Why does this recursion work for this problem?

You are given a rectangular floor that is to be tiled with square tiles. The tiles come in a variety of sizes, but they all measure in some power of two: 1, 2, 4, 8, etc. A 5x6 space can be tiled with 30 of the smallest tile, but the minimum number of tiles required is only 9. Refer to the pattern below.

http://nayuki.eigenstate.org/res/dwi...-201010-p3.png

Find the minimum number of tiles.

Code :

private static int getFloorTileCount(int width, int height) {
if (width == 0 || height == 0) {
return 0;
} else if (width % 2 == 0 && height % 2 == 0) {
return getFloorTileCount(width / 2, height / 2);
} else if (width % 2 == 0 && height % 2 == 1) {
return width + getFloorTileCount(width / 2, height / 2);
} else if (width % 2 == 1 && height % 2 == 0) {
return height + getFloorTileCount(width / 2, height / 2);
}
return width + height - 1 + getFloorTileCount(width / 2, height / 2);
}

I can't seem to understand why this code is able to get the minimum number of tiles required.

Re: Why does this recursion work for this problem?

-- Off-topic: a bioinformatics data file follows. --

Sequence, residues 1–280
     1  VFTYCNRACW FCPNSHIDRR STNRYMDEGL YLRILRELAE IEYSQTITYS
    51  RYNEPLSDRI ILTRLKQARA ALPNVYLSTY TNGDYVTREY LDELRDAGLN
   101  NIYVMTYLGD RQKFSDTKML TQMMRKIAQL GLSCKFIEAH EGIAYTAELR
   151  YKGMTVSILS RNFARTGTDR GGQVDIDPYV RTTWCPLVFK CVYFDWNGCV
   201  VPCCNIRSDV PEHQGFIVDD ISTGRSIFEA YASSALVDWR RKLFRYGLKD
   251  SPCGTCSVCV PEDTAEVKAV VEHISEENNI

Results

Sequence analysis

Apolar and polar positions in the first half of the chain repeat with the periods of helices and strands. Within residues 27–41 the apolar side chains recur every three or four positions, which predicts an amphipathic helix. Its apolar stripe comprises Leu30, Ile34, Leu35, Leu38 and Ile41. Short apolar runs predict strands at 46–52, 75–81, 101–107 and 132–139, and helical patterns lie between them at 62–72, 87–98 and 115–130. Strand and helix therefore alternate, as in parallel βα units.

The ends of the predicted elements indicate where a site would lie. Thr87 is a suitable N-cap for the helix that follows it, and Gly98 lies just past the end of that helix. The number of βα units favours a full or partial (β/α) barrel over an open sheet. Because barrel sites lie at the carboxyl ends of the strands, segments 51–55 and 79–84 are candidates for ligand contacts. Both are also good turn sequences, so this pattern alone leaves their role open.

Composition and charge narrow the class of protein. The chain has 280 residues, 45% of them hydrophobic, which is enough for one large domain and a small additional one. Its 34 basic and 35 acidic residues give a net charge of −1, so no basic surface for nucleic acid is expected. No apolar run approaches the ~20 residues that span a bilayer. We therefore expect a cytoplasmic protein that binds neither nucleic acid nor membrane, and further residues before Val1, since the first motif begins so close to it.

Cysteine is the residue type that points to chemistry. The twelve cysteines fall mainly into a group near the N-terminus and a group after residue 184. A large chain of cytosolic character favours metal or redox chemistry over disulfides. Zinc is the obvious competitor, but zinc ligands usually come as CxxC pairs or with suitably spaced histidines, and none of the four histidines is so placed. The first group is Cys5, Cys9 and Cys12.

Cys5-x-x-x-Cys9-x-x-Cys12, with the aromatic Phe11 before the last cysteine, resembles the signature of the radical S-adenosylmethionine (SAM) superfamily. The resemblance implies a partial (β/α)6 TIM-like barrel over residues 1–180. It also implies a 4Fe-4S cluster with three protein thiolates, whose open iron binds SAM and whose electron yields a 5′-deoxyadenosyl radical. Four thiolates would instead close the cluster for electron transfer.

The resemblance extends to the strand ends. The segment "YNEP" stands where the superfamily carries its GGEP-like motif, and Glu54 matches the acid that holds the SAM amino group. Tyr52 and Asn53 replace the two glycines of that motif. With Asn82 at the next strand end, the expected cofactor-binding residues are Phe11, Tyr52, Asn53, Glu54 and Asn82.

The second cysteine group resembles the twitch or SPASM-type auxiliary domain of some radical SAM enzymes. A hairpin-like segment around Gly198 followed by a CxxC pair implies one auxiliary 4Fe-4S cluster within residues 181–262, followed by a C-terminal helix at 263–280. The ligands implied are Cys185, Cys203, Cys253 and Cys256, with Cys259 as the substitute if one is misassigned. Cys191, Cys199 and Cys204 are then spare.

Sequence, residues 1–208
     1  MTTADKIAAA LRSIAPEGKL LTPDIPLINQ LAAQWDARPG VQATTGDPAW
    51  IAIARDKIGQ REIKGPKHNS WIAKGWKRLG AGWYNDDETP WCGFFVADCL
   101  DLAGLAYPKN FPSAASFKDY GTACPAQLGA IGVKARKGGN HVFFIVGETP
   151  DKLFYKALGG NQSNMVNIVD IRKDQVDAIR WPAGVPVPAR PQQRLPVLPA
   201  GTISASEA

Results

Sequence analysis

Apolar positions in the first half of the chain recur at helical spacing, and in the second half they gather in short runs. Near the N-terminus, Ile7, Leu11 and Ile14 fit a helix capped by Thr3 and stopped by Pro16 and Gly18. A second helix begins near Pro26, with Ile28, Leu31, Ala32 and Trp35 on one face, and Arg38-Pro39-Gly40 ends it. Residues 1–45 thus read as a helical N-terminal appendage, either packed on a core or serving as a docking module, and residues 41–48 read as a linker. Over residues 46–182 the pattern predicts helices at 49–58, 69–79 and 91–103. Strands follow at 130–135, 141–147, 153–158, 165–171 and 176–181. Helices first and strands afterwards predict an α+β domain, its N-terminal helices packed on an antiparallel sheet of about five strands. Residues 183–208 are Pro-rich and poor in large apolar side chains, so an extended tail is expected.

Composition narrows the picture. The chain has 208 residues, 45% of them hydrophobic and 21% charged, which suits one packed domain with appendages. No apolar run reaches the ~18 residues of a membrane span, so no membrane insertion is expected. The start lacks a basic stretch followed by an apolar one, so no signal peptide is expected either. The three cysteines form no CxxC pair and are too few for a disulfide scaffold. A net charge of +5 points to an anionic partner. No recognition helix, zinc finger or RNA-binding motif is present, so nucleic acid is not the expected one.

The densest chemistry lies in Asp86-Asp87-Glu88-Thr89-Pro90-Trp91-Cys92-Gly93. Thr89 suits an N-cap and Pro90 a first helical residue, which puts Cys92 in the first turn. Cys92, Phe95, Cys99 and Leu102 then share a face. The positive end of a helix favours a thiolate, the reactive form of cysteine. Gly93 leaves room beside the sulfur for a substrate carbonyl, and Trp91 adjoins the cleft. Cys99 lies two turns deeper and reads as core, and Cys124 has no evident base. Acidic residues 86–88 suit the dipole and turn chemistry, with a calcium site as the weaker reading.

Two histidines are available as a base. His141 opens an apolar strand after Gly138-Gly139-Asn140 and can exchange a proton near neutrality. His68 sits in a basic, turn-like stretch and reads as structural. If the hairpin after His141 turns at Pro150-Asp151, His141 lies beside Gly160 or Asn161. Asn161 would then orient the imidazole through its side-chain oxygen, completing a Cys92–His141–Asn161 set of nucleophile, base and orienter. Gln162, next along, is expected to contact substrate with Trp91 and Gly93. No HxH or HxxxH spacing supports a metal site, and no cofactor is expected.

A normal person doing this problem would prolly figure out what the biggest block is that they could put in the grid and work their way to the smaller tiles. This program is doing the opposite. It starts with determining if any of the smallest tiles are required then divides the grid width and height by 2 (this is equivalent of increasing your grid size). I'll explain that another way. Your grid of 5x6 can fit 5x6 small tiles, but a 4x6 grid could fit 2x3 of the next larger tiles. Make sense? The if statement is trying to determine if the height or width is odd therefore requiring the size tile you are on. If neither is odd, it just increases the size of the tile (by dividing the grid by 2) then calls itself again.

Order of execution for 5x6 grid...

Width is odd so we need 6 (value of height) tiles to make it even

Now increase the size of the tile by dividing the grid: grid now 2x3 (Remember an int of 5 divided by 2 is 2. You drop the remainder)

Height is odd so we need 2 (value of width) tiles to make it even

Now increase the size of the tile by dividing the grid: grid now 1x1

Both are odd so we need 1 tile (width + height -1 => this is basically getting the left and bottom border with tiles but we only need one)

Now we increase the size of the tile by dividing the grid: grid now 0x0

Empty grid now we return and add all the results we've gotten along the way. 1 big tile, 2 medium tiles, 6 small tiles = 9 tiles.